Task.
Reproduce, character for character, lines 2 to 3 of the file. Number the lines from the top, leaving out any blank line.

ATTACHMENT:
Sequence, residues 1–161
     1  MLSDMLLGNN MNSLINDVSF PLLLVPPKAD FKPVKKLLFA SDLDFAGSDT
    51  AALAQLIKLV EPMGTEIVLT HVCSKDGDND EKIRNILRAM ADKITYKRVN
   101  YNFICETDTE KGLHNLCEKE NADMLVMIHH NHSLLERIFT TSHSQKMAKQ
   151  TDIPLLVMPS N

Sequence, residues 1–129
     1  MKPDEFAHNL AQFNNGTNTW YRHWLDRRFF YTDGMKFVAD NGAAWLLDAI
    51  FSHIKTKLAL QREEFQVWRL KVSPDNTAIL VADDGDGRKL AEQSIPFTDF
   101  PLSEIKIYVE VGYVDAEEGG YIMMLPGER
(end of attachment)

     1  MLSDMLLGNN MNSLINDVSF PLLLVPPKAD FKPVKKLLFA SDLDFAGSDT
    51  AALAQLIKLV EPMGTEIVLT HVCSKDGDND EKIRNILRAM ADKITYKRVN